Putting Some There, There

What, precisely, is freedom? Is it a state of being with quantifiable characteristics? Or is it just an absence ' the absence of coercion, the absence of arbitrary, external controls and so forth?

This may seem like a trick or trite question, but it's not intended to be. The answer to it sets the parameters of, creates the context for, and determines the focus of, the struggles to which freedom's advocates dedicate their lives, fortunes and sacred honors (or any portion thereof).

Are we fighting for something . . . or just against something else?

Do we seek victory . . . or merely escape?

Do the alternatives we create and offer fill a void, or simply function as labels for that void?

The utilitarian argument for treating freedom as a mere absence is persuasive. It's much easier, after all, to mobilize general opposition to a thing than to mobilize support for a specific alternative to that thing. Opposition to A as the binding criterion of a freedom movement raises fewer issues between individuals and groups who may, between them, support alternatives X, Y or Z to different degrees and possibly with mutual exclusivity.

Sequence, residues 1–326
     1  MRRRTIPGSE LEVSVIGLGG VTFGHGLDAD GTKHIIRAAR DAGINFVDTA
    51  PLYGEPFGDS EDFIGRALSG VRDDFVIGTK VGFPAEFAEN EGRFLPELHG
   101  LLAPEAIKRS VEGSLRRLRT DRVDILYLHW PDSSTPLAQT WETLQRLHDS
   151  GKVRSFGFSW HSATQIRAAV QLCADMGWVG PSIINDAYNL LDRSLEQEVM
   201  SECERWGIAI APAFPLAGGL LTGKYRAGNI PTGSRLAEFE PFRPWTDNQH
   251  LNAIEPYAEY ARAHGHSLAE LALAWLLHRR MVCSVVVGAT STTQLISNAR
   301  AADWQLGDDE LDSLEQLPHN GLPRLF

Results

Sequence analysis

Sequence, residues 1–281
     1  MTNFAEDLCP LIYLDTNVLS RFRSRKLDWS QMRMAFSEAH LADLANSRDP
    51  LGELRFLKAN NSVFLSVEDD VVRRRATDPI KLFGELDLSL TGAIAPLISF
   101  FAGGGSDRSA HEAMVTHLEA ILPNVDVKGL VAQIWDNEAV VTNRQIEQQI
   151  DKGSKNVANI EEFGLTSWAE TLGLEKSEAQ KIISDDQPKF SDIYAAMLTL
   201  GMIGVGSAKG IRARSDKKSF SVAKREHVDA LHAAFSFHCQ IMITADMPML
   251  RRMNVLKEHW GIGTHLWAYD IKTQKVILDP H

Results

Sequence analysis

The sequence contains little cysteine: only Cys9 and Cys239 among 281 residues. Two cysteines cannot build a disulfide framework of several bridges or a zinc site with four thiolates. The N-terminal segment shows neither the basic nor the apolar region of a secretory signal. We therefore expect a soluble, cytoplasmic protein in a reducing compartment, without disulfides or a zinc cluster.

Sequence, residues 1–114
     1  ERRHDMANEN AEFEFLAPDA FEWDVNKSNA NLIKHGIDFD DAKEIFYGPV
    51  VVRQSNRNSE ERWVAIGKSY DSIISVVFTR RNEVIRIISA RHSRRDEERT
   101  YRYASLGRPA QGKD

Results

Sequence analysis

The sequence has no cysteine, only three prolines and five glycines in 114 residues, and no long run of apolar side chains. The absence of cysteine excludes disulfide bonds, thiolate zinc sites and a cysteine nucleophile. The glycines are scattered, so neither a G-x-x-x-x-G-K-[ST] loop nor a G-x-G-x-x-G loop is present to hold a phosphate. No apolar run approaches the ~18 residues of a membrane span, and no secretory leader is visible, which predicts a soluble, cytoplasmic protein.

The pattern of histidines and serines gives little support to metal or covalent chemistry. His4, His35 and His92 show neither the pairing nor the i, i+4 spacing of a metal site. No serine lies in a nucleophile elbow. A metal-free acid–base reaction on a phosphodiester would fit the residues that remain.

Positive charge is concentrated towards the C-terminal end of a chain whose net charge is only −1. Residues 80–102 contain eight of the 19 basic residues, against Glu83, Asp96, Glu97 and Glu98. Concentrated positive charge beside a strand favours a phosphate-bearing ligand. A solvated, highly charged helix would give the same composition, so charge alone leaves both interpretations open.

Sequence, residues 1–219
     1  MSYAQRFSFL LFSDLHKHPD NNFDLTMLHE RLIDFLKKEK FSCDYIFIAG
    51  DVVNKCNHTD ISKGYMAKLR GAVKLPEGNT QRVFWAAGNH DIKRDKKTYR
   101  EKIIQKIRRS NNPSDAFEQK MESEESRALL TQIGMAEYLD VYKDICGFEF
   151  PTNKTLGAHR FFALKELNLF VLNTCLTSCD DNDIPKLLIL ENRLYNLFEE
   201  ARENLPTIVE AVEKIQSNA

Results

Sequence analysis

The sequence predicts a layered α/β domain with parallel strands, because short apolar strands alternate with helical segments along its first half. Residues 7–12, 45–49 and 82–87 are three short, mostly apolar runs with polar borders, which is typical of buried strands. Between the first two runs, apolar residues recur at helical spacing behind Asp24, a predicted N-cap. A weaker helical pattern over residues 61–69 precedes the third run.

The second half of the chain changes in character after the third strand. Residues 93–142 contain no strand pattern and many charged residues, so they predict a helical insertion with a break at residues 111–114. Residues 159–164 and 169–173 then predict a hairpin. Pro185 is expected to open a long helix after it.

But, sooner or later, what we are for must be dealt with. It must out. Differences must be either reconciled or ways parted. And the consequences of alliances shattered for lack of consensus ' or for lack of an agreement beforehand to acknowledge and operate within the context of that lack of consensus -- may be far worse than had those alliances never been entered into.

'Anarchist' or 'minarchist?'

'Left' or 'Right?'

'Socialist' or 'communist' or 'syndicalist' or 'mutualist' or 'capitalist' or 'laissez-faire?'

Annares or the North American Confederacy?